Father’s Day often brings up images of our childhood when Dad was our protector, maybe even our superhero. He may have helped us with our math, taught us to play ball, or simply tried to ensure we had everything we needed. We took comfort that he would always be there for us. But as we grew into adulthood and Dad grew older, we began to realize our role as son or daughter would change.
The role of caregiver for an aging parent is something most of us will face someday. Father’s Day can make these changing roles seem all too real. This day is often one of nostalgia – of remembering the past when Dad seemed invincible.
As our parents become older and need our support to deal with illness and aging, it can be a difficult and unsettling change. We often wonder how to play this new role in our relationships with those who were our caregivers. We know we want to ensure their wellbeing, protect them and support them, like they did for us. But how do we balance this shift?
6 Tips On Becoming Your Parent’s Caregiver
- Don’t Forget You’re Still Their Child. You may have become their caregiver, but in their eyes you will always be their child. Take comfort in this. It’s not a role any of us want to completely give up. Find ways to still let them ‘mother’ or ‘father’ you. This can be as simple as frequently asking their advice, asking how they would handle a situation you are going through, or what they would do. Ensuring they know you still need them will help them feel empowered, that they still have something to contribute, that they still matter. And that is a powerful feeling.
- Respect Their Independence. It’s still important to honor them and avoid treating them like children. The term “role reversal” is all over the internet, but is it really accurate for your aging loved one’s current situation? Our parents, in most cases, may not need us to attend to them as we would attend to a child. Try not to overstep your role. Remember they still need to feel in control and empowered in choices. Think about what the right amount of support is now, and know you can reevaluate in the future.
- Understand Their Perspective. Caring for a declining parent will have many challenges. Often decisions about independence cause the biggest differences In opinion. You worry about their safety, they worry about losing their independence. The hardest to accept realization for your aging parent is that they may not be physically able to continue to care for themselves and have to rely on your support and care – the person they once cared for. You want to jump in and handle everything, and they see themselves as losing not only the life they created for themselves but who they are. Seeing this change through their eyes will help you understand their perspective and help guide you in decision making.
- Respect and Communicate. Never be condescending when talking to your aging parent about their care or needs. If they need help for physical reasons, remember that their mental capacities may still be as strong as they always have been. Avoid keeping medical or financial information from them because you assume they can handle it. Never make decisions without consulting them first and asking their opinion. They have the right to know what is going on. Involve your parent in all care decisions. Sit together and assess the total situation.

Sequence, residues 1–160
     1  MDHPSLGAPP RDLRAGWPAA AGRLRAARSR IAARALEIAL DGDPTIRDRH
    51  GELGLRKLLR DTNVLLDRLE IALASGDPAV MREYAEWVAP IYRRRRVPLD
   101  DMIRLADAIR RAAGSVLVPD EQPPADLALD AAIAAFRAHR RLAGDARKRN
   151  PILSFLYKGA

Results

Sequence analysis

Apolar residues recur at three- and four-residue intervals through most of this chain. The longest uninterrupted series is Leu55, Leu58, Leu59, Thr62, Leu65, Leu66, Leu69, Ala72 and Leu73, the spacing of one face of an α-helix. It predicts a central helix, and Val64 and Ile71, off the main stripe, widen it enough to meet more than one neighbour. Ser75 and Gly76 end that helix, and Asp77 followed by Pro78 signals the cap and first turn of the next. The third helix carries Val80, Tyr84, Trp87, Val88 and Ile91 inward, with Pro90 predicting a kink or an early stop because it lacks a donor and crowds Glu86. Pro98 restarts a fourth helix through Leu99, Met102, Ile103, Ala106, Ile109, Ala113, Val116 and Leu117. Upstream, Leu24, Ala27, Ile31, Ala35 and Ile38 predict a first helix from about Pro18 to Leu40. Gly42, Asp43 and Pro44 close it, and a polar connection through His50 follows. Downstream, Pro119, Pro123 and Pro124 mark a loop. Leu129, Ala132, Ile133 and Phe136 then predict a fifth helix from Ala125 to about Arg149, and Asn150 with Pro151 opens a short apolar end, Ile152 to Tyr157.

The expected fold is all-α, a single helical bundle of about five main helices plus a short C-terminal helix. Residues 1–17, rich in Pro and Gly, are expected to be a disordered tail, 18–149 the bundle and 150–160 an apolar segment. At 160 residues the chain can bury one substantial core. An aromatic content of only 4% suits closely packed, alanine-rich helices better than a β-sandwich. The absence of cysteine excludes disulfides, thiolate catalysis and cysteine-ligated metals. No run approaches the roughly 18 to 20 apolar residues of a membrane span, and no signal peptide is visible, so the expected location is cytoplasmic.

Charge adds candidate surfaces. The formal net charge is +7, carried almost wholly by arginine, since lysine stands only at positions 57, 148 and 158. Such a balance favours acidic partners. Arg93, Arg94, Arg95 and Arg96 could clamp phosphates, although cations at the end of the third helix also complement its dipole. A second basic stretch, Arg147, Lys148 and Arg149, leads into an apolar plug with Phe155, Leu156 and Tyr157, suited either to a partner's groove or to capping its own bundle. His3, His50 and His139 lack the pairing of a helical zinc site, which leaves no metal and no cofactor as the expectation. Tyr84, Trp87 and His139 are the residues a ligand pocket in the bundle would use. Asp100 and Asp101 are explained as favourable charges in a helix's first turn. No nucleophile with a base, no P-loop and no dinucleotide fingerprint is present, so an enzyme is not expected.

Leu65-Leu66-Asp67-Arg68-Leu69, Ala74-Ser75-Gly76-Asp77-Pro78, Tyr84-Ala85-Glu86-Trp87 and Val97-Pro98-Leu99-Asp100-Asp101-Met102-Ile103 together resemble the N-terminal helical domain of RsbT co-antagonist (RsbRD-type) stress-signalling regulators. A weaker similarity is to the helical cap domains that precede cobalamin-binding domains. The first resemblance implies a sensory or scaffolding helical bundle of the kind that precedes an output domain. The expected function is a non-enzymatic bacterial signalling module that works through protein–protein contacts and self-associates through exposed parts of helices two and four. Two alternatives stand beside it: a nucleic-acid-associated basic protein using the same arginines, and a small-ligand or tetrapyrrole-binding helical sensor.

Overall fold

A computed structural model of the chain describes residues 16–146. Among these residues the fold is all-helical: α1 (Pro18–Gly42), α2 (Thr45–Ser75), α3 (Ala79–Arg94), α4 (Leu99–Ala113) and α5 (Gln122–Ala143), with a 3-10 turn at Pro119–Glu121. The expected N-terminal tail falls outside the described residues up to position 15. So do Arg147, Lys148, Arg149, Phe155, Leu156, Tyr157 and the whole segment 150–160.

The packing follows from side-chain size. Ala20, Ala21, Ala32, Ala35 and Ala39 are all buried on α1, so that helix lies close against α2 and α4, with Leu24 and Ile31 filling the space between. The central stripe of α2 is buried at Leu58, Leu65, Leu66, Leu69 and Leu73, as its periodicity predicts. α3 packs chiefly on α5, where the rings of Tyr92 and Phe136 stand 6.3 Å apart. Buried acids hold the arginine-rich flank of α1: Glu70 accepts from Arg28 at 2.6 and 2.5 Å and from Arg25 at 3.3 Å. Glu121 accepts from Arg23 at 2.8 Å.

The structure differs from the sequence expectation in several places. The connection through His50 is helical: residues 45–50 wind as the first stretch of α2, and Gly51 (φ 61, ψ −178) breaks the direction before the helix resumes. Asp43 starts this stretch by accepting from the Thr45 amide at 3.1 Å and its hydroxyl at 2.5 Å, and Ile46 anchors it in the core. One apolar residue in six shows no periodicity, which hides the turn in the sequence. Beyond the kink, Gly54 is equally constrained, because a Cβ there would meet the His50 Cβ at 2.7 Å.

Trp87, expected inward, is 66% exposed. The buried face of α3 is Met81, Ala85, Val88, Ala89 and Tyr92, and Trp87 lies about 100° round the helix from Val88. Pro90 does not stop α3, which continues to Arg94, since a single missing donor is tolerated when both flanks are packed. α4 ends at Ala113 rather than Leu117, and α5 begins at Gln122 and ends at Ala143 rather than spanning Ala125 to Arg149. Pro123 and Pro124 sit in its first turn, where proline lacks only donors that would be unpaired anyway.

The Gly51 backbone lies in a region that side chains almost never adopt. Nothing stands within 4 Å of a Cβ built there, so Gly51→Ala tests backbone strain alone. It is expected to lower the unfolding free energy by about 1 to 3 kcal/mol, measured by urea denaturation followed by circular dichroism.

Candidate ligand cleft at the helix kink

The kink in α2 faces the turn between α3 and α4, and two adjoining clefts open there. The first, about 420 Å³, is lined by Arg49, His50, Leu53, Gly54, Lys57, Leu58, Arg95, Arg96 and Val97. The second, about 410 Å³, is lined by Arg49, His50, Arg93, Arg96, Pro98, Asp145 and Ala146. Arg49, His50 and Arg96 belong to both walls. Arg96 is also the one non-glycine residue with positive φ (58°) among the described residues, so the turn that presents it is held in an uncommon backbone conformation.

- Do Only What Is Needed. The cardinal rule of caregiving is: “Never do for someone what they can and should do for themselves.” Respect and empower what they can still contribute to their own care.
- When Hospice May Be The Answer. Hospice, which is expert care focused on improving quality of life, can help each of you return to your familiar roles. Many of our hospice patients have told us that being able to feel like a son or daughter again was one of the most unexpected yet valuable gifts of hospice. It is unavoidable that caring for a loved one changes relationships. Often you are seen as a ‘caregiver’ rather than their child, and your yourself no longer feel like you can be their child. Hospice brings a full breadth of care. Nurses provide expert medical care and support, CNAs help with daily care like bathing, grooming, changing linens, light meal preparation. This support helps families return to feeling like families. Your parent may also feel more comfortable with hospice care and feel like they are less of a burden. The best role you can play is to help your parent get the best care possible while allowing the, to still feel like your parent.
When we become our parents’ caregiver it is not an easy change. There are so many strong emotions involved and even a real degree of sadness. It will feel almost like you are losing the person they once were to you. And they will feel like they are losing their role of being your parent. But with understanding, respect, communication and empathy, this can also be an opportunity to bond and become even closer.
Hospice of South Texas is here to help guide you with any care decisions. We offer real support – whether it’s help from our nurses to ease symptoms, help from our CNAs and volunteers to share caregiving responsibilities, or help from our chaplains and social workers so fear and anxiety can be replaced with strength, confidence and peace. Reach out to us today for answers, hope and options.